When we begin to see memory loss in ourselves or our loved ones it can be a frightening prospect. What exactly does it mean? What is the cause? How do we prepare ourselves to cope with it? There are many questions that arise. It is important to highlight certain aspects of the memory loss as we begin to come up with strategies regarding how to cope with it.

People react differently when they experience memory loss. Suddenly you forget where your car is parked. Maybe you notice your checkbook has entries that don’t make sense. Sometimes people will try to cover up these lapses as if they didn’t exist. Other times people will minimize them and just say something like this happens to everybody. There is nothing wrong with acknowledging that your memory is not what it used to be. That happens to many of us for a variety of reasons. An important first step is deciding what you are going to do about it.

You can start with trying to pinpoint the nature of the loss. Included among the things that can cause memory loss are lack of sleep,  nutritional deficiencies, stress, mild head trauma, alcohol and drug abuse, incorrect medication use, strokes, or a brain tumor. Theses are all conditions that can be treated with an end result of memory improving.  Research shows that the aging process itself  impacts the part of the brain that sorts through information. Old information is more deeply ingrained and may be easier to access than new information. For example, people that are fluent in a foreign language may not have any problems speaking it but may have difficulty remembering what they had for dinner last night.

Conditions like dementia are by definition degenerative. There will be continued loss of function. The rate of loss will vary with individuals. Here are ways you can assess the severity when you begin to notice loss of memory function and some strategies on adapting:

  1. Try to identify the activities that have become harder. For example, are you having trouble remembering to take your medication. Get someone to help you create a system to dispense and chart your medication consumption. Are tasks you do regularly at work suddenly becoming confusing or more challenging?  Is there someone at work that can supervise and guide you? Can you get more time to complete a work assignment so you aren’t stressed by deadlines? Don’t be afraid to ask for help from colleagues, friends, family, or healthcare professionals.
  2. Identify how often it is happening and the severity of the memory loss. Do you forget the name of an acquaintance or an important client you have worked with for many years? You may need to give yourself written reminders regarding people’s names especially if you know you have a meeting scheduled with someone. Another trick is to have a photograph of the person with their name written down so you  have more visual cues to trigger your memory.
  1. Make a list of what you need to get done. Be realistic about what you can do in a day. Limit yourself to one task at a time. Also try to limit the number of distractions around you. If you are doing something that requires concentration turn off the television, your cell phone, and music. Give yourself an environment that enhances your ability to focus rather than diminishes it. Allow plenty of time to complete something. If it becomes too frustrating it is OK to take a break. Allow yourself time to reduce your frustration and recharge your mind. Most of the time you will have more than one chance to do a task or approach a problem.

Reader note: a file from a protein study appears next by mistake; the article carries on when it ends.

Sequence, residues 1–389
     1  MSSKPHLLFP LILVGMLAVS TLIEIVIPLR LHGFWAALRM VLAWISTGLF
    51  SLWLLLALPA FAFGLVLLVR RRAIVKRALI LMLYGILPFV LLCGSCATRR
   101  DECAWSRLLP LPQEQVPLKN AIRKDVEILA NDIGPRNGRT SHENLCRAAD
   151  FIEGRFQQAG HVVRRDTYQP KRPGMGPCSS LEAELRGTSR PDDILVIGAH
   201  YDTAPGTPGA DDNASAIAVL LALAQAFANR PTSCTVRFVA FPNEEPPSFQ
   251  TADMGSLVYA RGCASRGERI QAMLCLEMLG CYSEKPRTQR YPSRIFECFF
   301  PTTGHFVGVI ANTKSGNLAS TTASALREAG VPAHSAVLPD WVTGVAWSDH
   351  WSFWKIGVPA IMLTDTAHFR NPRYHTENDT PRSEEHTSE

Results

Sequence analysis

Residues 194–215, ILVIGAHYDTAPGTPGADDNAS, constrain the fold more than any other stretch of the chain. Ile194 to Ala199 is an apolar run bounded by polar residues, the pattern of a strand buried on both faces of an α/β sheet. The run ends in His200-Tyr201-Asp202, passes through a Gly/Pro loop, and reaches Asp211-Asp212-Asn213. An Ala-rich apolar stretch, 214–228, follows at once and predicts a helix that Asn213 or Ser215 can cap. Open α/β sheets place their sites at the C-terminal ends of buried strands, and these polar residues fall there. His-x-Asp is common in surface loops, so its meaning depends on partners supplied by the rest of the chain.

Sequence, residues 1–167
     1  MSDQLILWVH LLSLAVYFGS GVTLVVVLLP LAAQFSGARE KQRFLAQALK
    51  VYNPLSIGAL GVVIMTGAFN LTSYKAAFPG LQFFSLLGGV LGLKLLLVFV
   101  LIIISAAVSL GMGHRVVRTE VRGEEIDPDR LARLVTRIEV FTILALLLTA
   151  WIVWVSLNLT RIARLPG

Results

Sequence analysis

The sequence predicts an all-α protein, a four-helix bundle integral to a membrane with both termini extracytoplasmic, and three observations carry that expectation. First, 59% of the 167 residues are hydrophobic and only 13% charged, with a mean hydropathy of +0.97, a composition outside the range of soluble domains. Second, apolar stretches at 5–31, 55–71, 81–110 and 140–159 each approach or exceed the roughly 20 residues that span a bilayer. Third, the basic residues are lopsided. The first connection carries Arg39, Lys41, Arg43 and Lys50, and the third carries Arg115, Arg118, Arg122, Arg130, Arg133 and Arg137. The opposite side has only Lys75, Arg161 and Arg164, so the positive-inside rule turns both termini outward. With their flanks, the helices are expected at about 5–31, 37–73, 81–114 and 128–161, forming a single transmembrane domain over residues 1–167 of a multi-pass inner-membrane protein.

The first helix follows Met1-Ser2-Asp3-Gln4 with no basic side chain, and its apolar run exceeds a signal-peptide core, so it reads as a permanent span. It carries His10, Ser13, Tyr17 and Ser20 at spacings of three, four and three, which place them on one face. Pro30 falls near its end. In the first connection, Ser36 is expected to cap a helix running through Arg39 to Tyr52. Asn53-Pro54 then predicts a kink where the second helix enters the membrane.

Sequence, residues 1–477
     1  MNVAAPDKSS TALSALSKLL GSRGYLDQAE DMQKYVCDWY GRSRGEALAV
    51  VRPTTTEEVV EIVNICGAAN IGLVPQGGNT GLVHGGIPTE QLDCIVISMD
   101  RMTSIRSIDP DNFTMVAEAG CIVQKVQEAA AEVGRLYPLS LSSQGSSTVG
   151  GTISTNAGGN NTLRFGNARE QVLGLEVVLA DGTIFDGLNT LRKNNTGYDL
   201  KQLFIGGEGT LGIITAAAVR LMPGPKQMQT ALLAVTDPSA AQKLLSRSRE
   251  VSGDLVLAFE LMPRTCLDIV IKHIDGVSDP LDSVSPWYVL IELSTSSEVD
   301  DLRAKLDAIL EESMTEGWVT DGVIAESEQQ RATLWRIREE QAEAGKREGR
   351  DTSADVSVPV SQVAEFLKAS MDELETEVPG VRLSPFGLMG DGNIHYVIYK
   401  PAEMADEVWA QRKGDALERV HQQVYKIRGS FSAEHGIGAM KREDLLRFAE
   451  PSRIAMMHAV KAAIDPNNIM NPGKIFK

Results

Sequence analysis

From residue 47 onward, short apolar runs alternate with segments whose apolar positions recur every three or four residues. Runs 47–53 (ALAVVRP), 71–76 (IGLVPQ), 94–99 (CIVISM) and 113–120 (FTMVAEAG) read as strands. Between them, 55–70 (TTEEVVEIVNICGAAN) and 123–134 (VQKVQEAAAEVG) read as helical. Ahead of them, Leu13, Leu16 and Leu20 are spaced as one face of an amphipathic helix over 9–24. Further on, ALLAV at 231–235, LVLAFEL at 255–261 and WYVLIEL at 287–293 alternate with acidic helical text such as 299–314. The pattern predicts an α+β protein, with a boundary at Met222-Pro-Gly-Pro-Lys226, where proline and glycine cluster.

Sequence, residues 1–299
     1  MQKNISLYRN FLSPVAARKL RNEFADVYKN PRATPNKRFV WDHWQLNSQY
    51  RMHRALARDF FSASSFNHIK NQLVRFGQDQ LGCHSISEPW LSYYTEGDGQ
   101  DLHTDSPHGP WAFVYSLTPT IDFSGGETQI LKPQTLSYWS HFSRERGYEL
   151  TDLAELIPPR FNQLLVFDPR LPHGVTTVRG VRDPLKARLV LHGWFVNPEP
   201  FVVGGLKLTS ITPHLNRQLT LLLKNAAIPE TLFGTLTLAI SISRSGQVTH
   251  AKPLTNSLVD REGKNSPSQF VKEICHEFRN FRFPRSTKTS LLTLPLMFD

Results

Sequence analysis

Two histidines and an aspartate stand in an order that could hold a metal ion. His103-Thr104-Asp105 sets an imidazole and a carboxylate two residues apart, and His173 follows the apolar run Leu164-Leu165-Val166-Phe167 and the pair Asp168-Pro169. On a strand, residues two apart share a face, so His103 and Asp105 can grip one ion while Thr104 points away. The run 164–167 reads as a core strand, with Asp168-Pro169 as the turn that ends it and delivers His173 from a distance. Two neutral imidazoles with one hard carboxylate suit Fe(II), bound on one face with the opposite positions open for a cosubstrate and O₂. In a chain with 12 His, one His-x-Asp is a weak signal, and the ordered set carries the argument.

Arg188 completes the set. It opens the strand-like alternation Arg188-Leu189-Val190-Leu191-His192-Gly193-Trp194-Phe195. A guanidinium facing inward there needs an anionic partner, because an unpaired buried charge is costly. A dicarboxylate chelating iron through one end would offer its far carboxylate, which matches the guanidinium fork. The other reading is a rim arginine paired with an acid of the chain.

1. Complete assignments or tasks in the same way, using the same process, and the same sequence of steps. It helps to familiarize yourself with regular tasks to have a series of repetitive steps you can repeat from day to day.


If you or a loved one notice that the severity of your memory loss is becoming more consistent and more frequent it is time to consult a physician. A doctor can do a more comprehensive assessment to determine the root cause of these issues. Be prepared with answers to some of the following questions that will come up at your appointment:

  1. How long have you been experiencing these problems and what is the frequency?
  2. Bring information on all medications including names an dosage.
  3. How is the memory loss manifested itself ? What things were you doing and how often do you do them?
  4. What things have you done to compensate for the memory loss and how effective have these strategies been?
  1.   What is your daily routine and have you implemented any changes?
  2.   What is your drug and alcohol use and have there been any changes in this routine?
  3.    Have you had any recent falls or head injuries?
  4.    Are there any new big changes or stressors in your life?


As I said at the beginning memory loss can be scary. Do what you need to accurately assess

the type and severity of the problem for yourself and someone you care about. You don’t have to face it alone. There are people that can help you create strategies and support mechanisms to help you face these hurdles.

About Iris Waichler

Iris Waichler, MSW, LCSW is the author of Role Reversal How to Take Care of Yourself and Your Aging Parents. Role Reversal is the winner of 5 major book awards. Ms. Waichler has been a medical social worker and patient advocate for 40 years. She has done freelance writing, counseling, and workshops on patient advocacy and healthcare related issues for 17 years. Find out more at her website http://iriswaichler.wpengine.com



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